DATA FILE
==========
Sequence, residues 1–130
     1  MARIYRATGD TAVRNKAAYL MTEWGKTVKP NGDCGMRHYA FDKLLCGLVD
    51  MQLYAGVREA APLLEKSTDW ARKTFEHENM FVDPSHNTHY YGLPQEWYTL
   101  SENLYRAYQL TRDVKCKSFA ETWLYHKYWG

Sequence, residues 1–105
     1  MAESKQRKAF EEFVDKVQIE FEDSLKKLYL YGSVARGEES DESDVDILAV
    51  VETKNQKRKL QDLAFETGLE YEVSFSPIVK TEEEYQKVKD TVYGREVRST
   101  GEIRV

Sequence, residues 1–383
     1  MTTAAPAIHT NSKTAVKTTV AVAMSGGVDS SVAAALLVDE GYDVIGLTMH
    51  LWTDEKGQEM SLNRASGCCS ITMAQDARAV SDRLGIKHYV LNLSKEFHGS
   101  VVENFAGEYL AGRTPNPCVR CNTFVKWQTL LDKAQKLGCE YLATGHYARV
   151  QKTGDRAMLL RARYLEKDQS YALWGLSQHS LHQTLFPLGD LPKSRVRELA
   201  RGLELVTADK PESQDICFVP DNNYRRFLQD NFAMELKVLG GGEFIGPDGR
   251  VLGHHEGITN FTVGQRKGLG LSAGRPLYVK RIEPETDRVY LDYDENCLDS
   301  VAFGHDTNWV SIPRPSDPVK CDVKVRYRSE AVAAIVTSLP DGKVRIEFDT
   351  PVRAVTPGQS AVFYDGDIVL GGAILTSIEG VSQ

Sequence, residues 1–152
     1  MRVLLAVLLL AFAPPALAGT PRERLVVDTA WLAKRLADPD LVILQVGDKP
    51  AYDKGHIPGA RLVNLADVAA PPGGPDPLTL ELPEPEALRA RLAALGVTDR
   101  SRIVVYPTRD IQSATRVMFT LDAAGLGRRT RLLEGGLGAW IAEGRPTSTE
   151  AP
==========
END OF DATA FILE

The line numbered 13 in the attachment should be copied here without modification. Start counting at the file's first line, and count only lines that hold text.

   151  QKTGDRAMLL RARYLEKDQS YALWGLSQHS LHQTLFPLGD LPKSRVRELA